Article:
Have you ever played ‘Animal, Vegetable or Mineral’? You know, the guessing game where one person thinks of an object, then whoever else has to guess what the object is through a series of questions? Technically speaking, mushrooms don’t fall into any of the three categories, though they do tend to get thrown in with the vegetables as they represent their closest relative. The things that we eat are really just the ‘fruit’ of a fungus, and not much like any other vegetable at all. They can grow pretty much anywhere without cultivation where there’s a bit of moisture and there are a lot of things about mushrooms which make them quite remarkable. Here for your enjoyment is my list of top five ‘Fungus Facts’, some of which you’ll probably know, but there are one or two which might surprise you…
1) The world’s biggest living organism is a mushroom! Not a whale, or even one of those giant redwood trees, but a mushroom. See, the majority of a mushroom ‘plant’ lives underground, and the bits we think of as mushrooms are only little bits that poke themselves out of the soil. This super-giant mushroom is to be found in the Malheur National Forest in the US state of Oregon, and at last count covered an area of 2,200 acres. Its estimated age is at least 2,400 years, which is quite impressive. Unfortunately, it does have a bad habit of killing trees, especially unfortunate in a forest, even if you do have a dead tree fetish.
2) Magic mushrooms! Yes, you knew I wouldn’t be able to get through a mushroom-related post without giving them a mention… Psilocybin mushrooms as they’re properly known have been used for many thousands of years, originally in shamanic and religious rituals, until those pesky Xians put a stop to it, believing them to be the work of the devil. Unsurprisingly, 1960s drug guru Timothy Leary was a big advocate of their use and helped spread their popularity for recreational purposes. There are lots of different varieties, and if you have a quick search on the internet, there are plenty of grow-your-own kits available to buy online. From personal experience, I would suggest avoiding following this route, as it is very difficult to know exactly how potent your home grown mushrooms are. Stick with LSD instead, it’s more reliable and doesn’t taste yucky either!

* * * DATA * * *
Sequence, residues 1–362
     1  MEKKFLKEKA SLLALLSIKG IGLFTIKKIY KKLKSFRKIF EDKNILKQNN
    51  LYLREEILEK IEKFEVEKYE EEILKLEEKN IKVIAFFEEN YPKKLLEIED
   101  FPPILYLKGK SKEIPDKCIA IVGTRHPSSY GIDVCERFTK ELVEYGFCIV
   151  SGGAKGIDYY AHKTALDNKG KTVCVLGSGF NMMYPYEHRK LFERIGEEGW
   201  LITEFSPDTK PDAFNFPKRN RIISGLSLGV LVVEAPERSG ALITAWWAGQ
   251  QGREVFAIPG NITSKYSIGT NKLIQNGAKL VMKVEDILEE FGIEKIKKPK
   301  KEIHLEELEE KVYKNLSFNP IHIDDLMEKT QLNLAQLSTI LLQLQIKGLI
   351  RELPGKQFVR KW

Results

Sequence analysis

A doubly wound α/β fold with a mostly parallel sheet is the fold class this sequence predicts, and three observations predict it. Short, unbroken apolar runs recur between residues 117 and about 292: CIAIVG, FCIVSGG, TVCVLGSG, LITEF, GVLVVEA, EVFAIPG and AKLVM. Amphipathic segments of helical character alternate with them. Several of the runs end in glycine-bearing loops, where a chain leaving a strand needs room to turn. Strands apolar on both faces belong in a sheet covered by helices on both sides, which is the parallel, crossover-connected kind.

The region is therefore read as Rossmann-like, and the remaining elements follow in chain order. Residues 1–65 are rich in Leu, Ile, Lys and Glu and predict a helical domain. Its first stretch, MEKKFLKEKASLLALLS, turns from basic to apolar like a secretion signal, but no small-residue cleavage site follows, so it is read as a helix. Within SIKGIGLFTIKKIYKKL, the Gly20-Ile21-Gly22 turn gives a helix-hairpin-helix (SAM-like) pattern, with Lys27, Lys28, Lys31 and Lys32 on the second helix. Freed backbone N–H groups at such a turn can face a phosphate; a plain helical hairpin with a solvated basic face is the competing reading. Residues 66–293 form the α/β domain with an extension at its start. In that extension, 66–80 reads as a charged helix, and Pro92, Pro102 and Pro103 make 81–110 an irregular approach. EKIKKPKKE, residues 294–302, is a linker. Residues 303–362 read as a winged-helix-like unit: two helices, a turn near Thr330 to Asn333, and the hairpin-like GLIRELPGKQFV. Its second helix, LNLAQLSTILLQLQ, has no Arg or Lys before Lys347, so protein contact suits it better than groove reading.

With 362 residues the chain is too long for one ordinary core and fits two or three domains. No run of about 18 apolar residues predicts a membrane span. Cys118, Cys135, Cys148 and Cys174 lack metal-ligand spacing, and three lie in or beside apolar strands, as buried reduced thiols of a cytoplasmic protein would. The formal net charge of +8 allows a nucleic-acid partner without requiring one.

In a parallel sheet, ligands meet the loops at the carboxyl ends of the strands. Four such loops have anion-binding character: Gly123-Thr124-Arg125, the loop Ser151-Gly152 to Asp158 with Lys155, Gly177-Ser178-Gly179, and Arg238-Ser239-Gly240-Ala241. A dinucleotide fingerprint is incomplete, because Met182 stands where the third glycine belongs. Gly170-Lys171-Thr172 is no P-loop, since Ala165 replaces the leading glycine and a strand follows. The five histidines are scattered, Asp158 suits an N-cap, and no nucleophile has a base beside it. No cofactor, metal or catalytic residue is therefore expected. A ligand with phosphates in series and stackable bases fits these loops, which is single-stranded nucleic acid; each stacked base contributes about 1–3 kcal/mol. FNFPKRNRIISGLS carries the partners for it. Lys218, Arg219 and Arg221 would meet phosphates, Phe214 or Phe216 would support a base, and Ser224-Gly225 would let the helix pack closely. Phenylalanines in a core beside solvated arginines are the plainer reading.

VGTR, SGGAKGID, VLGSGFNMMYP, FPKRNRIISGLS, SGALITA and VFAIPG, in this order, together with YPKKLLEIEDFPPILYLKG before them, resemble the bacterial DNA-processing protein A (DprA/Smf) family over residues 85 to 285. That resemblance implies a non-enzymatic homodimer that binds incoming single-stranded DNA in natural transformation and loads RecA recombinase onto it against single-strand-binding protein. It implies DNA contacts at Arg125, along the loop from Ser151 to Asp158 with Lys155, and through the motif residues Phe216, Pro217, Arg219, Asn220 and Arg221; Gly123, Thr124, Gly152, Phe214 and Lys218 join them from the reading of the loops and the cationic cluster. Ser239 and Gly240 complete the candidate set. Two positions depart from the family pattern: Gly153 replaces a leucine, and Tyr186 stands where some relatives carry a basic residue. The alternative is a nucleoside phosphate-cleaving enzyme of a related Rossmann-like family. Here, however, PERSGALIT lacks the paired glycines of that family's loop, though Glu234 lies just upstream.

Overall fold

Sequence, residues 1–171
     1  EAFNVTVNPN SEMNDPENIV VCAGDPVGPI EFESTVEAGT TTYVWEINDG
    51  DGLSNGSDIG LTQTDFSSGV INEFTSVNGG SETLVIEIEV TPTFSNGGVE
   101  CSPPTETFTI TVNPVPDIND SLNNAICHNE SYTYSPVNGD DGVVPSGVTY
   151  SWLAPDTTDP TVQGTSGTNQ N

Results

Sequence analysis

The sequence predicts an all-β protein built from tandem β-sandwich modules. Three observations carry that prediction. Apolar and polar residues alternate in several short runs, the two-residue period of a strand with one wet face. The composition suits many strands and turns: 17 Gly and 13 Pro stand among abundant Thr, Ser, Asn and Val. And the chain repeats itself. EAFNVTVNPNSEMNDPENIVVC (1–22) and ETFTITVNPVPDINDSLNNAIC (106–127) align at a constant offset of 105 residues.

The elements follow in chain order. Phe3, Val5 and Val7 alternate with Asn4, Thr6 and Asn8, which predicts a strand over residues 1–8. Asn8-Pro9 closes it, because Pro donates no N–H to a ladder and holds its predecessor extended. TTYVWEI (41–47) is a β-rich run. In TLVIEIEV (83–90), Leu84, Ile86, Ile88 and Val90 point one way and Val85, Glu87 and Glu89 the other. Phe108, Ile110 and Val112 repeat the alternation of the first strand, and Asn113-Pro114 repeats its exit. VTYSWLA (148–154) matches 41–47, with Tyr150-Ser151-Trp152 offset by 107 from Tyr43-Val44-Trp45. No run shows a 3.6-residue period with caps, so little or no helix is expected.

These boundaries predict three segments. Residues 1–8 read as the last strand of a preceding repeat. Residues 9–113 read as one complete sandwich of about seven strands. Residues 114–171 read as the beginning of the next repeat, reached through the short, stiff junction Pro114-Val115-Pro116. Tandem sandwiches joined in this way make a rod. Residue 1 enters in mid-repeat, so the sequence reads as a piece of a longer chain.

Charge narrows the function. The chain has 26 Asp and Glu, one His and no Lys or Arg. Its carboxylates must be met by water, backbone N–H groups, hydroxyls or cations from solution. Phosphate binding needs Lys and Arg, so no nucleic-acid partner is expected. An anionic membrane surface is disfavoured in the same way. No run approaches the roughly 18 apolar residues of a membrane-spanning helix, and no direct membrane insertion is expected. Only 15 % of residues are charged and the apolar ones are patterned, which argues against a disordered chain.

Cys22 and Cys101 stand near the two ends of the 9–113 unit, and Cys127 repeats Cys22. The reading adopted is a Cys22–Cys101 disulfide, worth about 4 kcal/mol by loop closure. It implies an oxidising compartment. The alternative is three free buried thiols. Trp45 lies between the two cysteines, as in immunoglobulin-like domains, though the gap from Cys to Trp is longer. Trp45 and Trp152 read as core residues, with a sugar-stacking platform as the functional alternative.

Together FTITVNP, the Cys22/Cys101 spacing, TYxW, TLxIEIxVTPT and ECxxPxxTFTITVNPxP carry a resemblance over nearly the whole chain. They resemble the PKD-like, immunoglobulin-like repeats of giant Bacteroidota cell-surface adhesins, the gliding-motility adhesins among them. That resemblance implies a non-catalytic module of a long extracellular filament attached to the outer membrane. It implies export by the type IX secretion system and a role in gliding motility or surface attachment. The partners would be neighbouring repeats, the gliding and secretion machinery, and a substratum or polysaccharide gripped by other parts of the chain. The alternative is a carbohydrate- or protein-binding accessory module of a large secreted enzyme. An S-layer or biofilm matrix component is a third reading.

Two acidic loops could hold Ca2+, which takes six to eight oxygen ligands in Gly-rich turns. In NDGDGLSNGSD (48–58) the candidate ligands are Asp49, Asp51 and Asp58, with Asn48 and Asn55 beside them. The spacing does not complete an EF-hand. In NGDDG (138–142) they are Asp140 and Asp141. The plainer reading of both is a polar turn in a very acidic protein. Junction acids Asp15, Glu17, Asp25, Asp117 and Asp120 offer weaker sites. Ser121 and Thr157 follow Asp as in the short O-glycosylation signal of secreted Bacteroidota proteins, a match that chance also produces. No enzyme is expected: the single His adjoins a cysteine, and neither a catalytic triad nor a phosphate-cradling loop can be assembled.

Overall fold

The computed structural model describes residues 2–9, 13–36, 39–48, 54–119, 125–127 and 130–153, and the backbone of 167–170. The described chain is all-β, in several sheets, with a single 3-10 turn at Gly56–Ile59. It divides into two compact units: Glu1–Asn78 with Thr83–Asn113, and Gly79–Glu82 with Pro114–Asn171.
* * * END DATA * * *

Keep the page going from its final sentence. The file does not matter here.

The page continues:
3) The most expensive mushrooms in the world are a variety called matsutake, or pine mushrooms. Predominantly found in Asia (though they do appear in Europe and North America too) the more desirable early season crops can sell for up to £2000 per kilogram! Why so expensive? Dead trees, yet again! This time it isn’t the fault of the fungus, but a pesky insect that has vastly reduced the population of the species of tree that the matsutake likes to grow under, and quite happily co-exist with. The rarer something is, the more expensive it becomes, and that’s what has made this particular mushroom worth its weight in gold. Sort of…
4) When is a mushroom not a mushroom? When it’s Quorn. The popular vegetarian ‘pretend meat’ product used to say on its packaging that it was derived from mushrooms, but after a lengthy and no doubt exciting legal battle involving lots of mycologists (experts in the ‘field’ of mushrooms) the manufacturers had to remove the claim, as quorn is technically made from a fungus, or more specifically a variety of soil mould, and not a mushroom at all. Obviously they realised that putting that on their sausages and mince wouldn’t encourage sales, so now they refer to it as ‘mycoprotein’ which is far more ambiguous and less likely to put people off. For the record, I quite like quorn, even if it is mould!
5) Mushroom plastic! It’s true! In the last 3 years, a number of eco-conscious companies have been developing an alternative to styrofoam made from mushrooms. This is great news on lots of levels, as plastic in general and styrofoam in particular isn’t very good for the environment, or humans themselves. It’s full of icky stuff, is made from petroleum which isn’t sustainable and has a bad habit of hanging around for many thousands of years once it’s discarded. This new mushroom alternative is sustainable, it’s a lot cleaner, easier and cheaper to manufacture, and even better, when you throw it away, it actually does the earth good instead of harm. Fantastic stuff!
So there we have it, my top five fungus facts. Whether you like mushrooms or not, hopefully you’ll now look upon them with a new found respect. If you’ve enjoyed reading this, here’s a handy link to a post I did last year on the subject of mushrooms (link!) It’s fiction (or is it???) and it’s not very long, and if you do check it out it’ll give me more site views ;)
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Back next time, some time, maybe with another audio post,but if it’s taking too long I’ll sneak something else in before then…
Mushroomy kisses… ses X